Performance is also optimised from a macronutrient standpoint too. The diet can be laid out in a way that meets appropriate ranges for protein, fats and carbs, while also distributing protein across the day.
Focus on non-dietary details
Not only is there a focus on the dietary aspects, there is a focus on lifestyle overall. In the book there is a lot of time dedicated to things such as sleep, short walks and regular blood tests. There is so much evidence that getting sufficient good quality sleep will help performance, but it is often overlooked. Short walks directly after a meal can help reduce blood glucose levels (mostly only relevant for people at risk of T2DM, but it can be particularly important for people at very high BMI’s in general). Getting regular comprehensive blood tests can help identify any issues early on that can be addressed, which can help improve health and performance.
Red meat is expensive
Red meat is more expensive than other protein sources. While red meat isn’t the only protein source on the diet, it is the main form that is emphasised. The reason red meat is chosen over white meat such as chicken is because it is slightly higher in nutrients.
Switching some of the red meat for white meat really would have no negatives though. After reaching certain targets for micronutrients such as iron, zinc and B vitamins, there is no noticeable benefit for going higher. At the food volumes consumed, there is no doubt those targets would be met even if white meat was the preferential choice. This switch alone can make the diet a lot cheaper without sacrificing anything from a performance perspective.
Caution regarding red meat and health
While there have been certain recent guidelines suggesting that we do not need to reduce our current red meat intakes for health purposes, I’m of the opinion that it would be wise to be mildly cautious of going anywhere near as high what the vertical diet proposes. The vast majority of organisations have guidelines that recommend limiting red meat intake, with a particular emphasis on the linkage with bowel cancer.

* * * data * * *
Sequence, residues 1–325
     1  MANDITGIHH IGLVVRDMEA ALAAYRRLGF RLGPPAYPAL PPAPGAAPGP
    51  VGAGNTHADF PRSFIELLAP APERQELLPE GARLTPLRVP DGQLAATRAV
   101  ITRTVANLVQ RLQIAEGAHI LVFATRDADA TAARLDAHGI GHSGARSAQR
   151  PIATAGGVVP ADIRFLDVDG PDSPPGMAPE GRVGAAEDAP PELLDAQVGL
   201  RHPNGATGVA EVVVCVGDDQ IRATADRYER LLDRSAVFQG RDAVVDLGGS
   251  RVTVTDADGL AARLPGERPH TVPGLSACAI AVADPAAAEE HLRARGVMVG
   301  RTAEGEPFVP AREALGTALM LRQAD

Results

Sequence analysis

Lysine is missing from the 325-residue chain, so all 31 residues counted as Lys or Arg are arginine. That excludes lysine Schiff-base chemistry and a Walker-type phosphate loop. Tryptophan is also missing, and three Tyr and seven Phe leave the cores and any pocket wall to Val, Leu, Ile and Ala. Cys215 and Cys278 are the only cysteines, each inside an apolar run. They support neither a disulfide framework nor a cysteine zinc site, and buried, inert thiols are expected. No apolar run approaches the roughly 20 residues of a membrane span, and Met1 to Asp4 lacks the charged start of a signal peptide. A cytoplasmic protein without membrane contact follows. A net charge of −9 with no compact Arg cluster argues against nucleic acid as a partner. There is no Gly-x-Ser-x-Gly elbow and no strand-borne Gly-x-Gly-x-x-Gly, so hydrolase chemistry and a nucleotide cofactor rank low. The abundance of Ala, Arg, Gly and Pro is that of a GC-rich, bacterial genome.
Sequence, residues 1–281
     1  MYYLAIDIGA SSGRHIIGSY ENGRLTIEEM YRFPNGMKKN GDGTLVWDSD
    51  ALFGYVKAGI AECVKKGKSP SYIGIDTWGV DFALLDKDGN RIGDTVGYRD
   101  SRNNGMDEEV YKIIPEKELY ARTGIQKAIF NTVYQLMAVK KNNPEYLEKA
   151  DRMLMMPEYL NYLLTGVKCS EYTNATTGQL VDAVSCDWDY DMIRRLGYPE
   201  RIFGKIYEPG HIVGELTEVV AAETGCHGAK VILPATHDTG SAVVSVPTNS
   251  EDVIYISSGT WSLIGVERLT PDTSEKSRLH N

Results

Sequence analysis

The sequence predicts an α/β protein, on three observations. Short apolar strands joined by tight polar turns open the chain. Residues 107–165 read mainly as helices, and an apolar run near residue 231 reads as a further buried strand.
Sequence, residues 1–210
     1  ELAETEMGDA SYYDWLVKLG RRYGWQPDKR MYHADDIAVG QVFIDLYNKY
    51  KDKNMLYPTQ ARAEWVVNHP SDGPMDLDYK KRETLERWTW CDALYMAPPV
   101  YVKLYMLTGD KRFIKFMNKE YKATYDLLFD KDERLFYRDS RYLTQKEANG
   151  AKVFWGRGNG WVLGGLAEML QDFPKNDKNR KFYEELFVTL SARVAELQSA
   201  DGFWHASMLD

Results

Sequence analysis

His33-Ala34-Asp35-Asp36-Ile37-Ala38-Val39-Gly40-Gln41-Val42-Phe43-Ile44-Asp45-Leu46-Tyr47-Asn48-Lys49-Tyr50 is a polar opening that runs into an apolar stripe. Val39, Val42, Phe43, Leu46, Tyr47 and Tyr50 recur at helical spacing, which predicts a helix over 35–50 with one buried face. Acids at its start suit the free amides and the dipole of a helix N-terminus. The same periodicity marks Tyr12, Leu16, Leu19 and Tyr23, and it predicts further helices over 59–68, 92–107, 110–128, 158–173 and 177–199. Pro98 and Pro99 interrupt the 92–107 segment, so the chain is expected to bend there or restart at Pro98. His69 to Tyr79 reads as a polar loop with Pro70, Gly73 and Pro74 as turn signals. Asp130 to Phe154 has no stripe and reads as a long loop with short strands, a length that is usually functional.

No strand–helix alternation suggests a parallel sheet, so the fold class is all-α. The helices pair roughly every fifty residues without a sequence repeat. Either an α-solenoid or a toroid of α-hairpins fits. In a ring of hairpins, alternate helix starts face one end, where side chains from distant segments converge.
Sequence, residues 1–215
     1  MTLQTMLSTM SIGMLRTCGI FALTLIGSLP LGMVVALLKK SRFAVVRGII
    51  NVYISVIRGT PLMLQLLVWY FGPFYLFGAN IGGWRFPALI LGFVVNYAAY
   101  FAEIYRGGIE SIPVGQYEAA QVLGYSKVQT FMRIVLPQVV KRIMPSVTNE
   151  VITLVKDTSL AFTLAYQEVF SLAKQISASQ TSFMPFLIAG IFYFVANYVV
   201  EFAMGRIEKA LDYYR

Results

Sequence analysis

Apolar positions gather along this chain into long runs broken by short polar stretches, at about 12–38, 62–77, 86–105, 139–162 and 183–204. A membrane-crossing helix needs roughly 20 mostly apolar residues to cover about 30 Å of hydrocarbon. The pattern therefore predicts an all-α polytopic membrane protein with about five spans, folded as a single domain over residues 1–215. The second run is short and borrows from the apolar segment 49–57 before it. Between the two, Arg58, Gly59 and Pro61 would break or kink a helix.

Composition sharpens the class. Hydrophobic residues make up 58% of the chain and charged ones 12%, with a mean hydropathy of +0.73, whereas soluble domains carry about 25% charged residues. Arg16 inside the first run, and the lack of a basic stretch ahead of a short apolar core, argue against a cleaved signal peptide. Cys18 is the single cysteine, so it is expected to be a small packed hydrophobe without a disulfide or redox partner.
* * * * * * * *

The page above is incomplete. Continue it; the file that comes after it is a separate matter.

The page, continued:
There is a wealth of research out on this topic, but due to the variables involved it is hard to make a clear conclusion, which is part of why I’m choosing not to discuss the research here. Healthy user bias can mask what is really going on. For example, people who eat red meat are also more likely to partake in behaviours with negative effects on health, whereas those who follow plant-based diets tend to do the opposite. With that being said, I still stand in the camp of caution and wouldn’t take red meat intake to an extreme.
Staying on a low-FODMAP diet indefinitely isn’t ideal for gut-health
While The Vertical Diet isn’t specifically a low-FODMAP diet, it comes very close. It eliminates most gas-producing foods, which often overlap with high-FODMAP foods.
Since a lot of high-FODMAP foods are also great prebiotics, it appears as though staying low-FODMAP reduces microbial diversity in the gut. It also reduces the amount of Bifidobacterium and Lactobacillus which are associated with positive health outcomes.
Variety can be beneficial for gut health
While The Vertical Diet reduces IBS type symptoms off the bat, claiming it optimises gut-health is a stretch. There is research showing that consuming >30 plant based foods is linked with greater microbial diversity and associated with more health-promoting groups of bacteria when compared to <10 per week. Gut health is complex, and it is hard to make bold claims, but variety appears to be beneficial. Limiting to only a small number of foods like The Vertical Diet recommends could have negative effects due to this.
In addition to a lot of the pitfalls associated with the restriction, there really isn’t much evidence to support the idea that digestion is improved by limiting to the same foods over and over again. You can get the same results without restricting to this level.
Due to the cons I’ve mentioned, The Vertical Diet isn’t a diet I recommend. It has a lot of rules that aren’t necessary to achieve the desired outcomes.
From another perspective though, it doesn’t have any downsides from a physical performance perspective. It is very simple to follow once you get a rhythm with it. For people who like simplicity and find their diet is actually a lot better when they have less choices available, it could be a solid option in comparison to alternatives.
Aidan is a Brisbane based dietitian who has been exposed to the most recent and up-to-date evidence based approaches to dietetic intervention. Dating back to well before starting uni he has been fascinated by all things nutrition, particularly the effects of different dietary approaches on body composition and sports performance. Due to this passion, he has built up an extensive knowledge base in multiple areas of nutrition and is able to help clients with a variety of conditions. One of Aidan’s main strengths is his ability to adapt plans based on the clients desires. By having such a thorough understanding of optimal nutrition for different situations he is able to develop detailed meal plans for clients, or provide flexible guidance that can contribute to improving the clients overall quality of life. He offers services both in-person and online.